Overview of Banderas Bay - Punta Mita upper left anchorage, La Cruz around the corner
Along the way we spotted three other sets of whales at greater distances. No dolphins nor turtle visits this time.  As Punta de Mita and the Islas Marietas came into view, the seas became mixed with higher 3 - 4 foot swells.  The Baja Peninsula does not protect the mainland except from NW swells to some extent. It's all open Pacific Ocean out here.  We were heading for a way-point well off the breaking rocks off Punta de Mita to be conservative.  Once there, which seemed such a long way south and west, we did almost a 90 degree turn to port.  The boom brake worked well as we took the swells now from the north right on the beam.
Captain hooking up boom brake






Boom brake set up to minimize swing when gybing
The Admiral recalled all those outside passages of the previous year and reminded herself that INTREPID II is an excellent offshore capable boat.  We will not roll over!  We watched as a few sport fishing boats positioned themselves right in the midst of the breaking waves of the offshore rocks; they really must have wanted those fish.  The wind started to rise and we turned off the engine; much more peaceful but rolly and a bit more heeling than desirable. One of us still hasn't shaken off all those 'what if' scenarios which rarely occur.

Entering La Cruz marina (Riviera Nayarit)
By now (15:00 hours) we decided we'd sail on into La Cruz and take a spot at Marina Riviera Nayarit if one was available; the marina confirmed there was space.  Our friends on SV Rosebud responded to our radio call and said they would stand by to take lines.  By 16:00 hours we were securely tied up on Dock 10 and ready to enjoy our stay on the Riviera Nayarit. (except it was 17:00 hours actually)

February 14, 2011

Photo Recap: San Blas Jungle Tour - Crocodiles and other critters

Our mangrove tour guide Guam obviously knows where to look for bird life and marine life. However, it took us cruisers quite some time to sharpen our eyes to know where to look for crocodiles, iguanas, turtles and other critters.  These photos are a mix of animals and flowers we saw on the tour in the mangroves and at the crocodile refuge further up the waterway.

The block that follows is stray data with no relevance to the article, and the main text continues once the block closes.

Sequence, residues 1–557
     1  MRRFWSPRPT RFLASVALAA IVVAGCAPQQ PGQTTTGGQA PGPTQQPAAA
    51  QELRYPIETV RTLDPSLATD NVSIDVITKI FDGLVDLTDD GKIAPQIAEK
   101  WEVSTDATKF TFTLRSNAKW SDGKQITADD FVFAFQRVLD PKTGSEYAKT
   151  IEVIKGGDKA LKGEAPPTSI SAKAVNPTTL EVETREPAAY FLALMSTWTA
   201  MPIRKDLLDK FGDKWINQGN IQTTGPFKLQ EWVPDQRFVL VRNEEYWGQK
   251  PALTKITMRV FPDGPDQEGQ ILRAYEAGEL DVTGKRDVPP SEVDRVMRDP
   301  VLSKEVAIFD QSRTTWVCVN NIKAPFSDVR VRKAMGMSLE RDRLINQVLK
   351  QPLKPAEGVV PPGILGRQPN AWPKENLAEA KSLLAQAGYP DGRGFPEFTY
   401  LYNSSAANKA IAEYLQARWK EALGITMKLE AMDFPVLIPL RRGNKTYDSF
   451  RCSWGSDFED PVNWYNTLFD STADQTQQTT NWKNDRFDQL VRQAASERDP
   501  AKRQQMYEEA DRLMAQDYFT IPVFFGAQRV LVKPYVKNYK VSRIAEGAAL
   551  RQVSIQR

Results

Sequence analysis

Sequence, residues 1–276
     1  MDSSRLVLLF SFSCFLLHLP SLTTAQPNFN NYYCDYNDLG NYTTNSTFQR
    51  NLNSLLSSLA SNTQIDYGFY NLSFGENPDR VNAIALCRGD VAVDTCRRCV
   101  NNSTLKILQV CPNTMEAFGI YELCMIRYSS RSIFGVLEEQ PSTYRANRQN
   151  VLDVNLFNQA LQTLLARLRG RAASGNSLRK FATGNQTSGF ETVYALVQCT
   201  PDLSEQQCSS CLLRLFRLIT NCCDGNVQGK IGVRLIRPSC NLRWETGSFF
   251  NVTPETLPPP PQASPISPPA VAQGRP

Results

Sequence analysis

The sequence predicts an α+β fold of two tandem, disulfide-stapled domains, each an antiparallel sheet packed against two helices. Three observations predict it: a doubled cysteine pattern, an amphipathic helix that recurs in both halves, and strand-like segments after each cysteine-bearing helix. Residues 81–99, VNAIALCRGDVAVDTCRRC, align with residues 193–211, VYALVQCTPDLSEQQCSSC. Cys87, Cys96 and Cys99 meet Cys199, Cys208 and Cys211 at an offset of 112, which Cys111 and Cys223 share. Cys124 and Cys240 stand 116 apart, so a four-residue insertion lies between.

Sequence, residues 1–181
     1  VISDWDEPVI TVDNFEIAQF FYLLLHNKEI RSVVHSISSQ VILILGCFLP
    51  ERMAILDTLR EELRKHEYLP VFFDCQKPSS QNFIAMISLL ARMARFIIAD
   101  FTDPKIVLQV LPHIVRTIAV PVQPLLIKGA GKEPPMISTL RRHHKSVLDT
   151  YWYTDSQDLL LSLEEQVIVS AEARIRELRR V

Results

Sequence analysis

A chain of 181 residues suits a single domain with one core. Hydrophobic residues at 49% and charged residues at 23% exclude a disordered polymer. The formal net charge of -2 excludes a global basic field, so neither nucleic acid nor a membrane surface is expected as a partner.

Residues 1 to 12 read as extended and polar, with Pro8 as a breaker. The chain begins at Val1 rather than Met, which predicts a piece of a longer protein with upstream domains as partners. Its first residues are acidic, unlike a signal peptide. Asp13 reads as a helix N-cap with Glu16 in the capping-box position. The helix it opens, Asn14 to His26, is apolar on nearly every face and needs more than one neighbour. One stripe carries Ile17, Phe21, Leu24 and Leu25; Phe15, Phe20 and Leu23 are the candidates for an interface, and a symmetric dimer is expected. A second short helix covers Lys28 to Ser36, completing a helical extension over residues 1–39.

Giant bird of paradise

Tortugas

Red crab at water's edge

Our first crocodile sighting!

Iguana well camoflagued in tree 
Lonely jaguar at rest in orocodile refuge
Open mouth is to aid in respiration - quite formidable


Coatimundi at the Crocodile refuge

Crocodile enjoying the sun at refuge
Wild crocodile we spotted on return trip

Matanchen Bay and Chacala anchorages

Our apologies....here at La Cruz marina the Internet connections are incredibly slow and as much as we'd like to be up to date with our journey and photos, the postings are taking a very long time...we are uploading a few pics and comments as time allows with hopes to find some quiet time to edit and enhance what we set up initially.

Just another beautiful sunset in 'paradise' Matanchen Bay

Matanchen Bay is a wide, fairly shallow bay, and many cruisers advise stopping here instead of in San Blas to excape the irritating "no see ums".  Anchoring here allows you to leave whenever, without concerns for crossing the San Blas bar at specific times.  We didn't have any bug issues, although we bought some fairly potent mosquito coils at a local tienda and they seemed to work. Like many of our friends who had preceded us we had our share of bites from the first night in San Blas, before the screens and Deep Woods Off were in place.

We enjoyed beautiful sunsets, a lazy day at anchor and delightful displays of aerial acrobatics by pelicans and other diving birds.  We were lulled by the babbling, bubble blowing efforts of schools of fish we have yet to identify; very much like the burblings of a fountain. 
Bubble blowing fish...a soothing sound
Our flopper stopper lines became the perch for three sweet little birds...who might be warblers of some sort (Dannie - help us out here!) who joined us for the afternoon and came to say farewell in the morning as Kelly hauled up the anchor.  (Thanks to Randy for the tip - they are swallows).
Friendly, cheery Mangrove Swallows

Colourful Chacala 

Chacala Bay is just over 20 nm away from Matanchen Bay and has lovely, colourful homes dotting the bay above the many palapas housing outdoor restaurants.  There are only a handful of cobblestone streets behind the beach, but we discovered a small tienda which provided us with some produce and tortillas and refreshments to tide us over.  We'd like to commend the Port Captain and his staff here for a very professional, friendly welcome when we checked in.  He spoke excellent English, answered our questions and set a very positive, professional tone.  He also advised us on what was most important to say when we checked in and said he could understand my Spanish!

INTREPID II at anchor in Chacala

Chacala beach looking south
Safe dinghy landing below the Port Captain's office

After we enjoyed an 'interesting' lunch of some sort of lobster and did our shopping, we headed back to our dinghy below the Port Captain's office. As we rowed out we spotted an 'apparition' in the distance.  It proved to be a double-decker party boat filled with tourists coming for a bbq on the beach.  The crew partied on the boat with the stereo on mega blaster while the guests dined. Not a quiet anchorage for a time, but they all headed off at sunset, no doubt having enjoyed their day.
Chacala anchorage only holds about a half dozen boats comfortably.  We were the tenth the first night, moving in closer the next day when a few boats headed on.
Sunset at Chacala Bay with navy buoy in view



Still smiling after our mystery lobster lunch!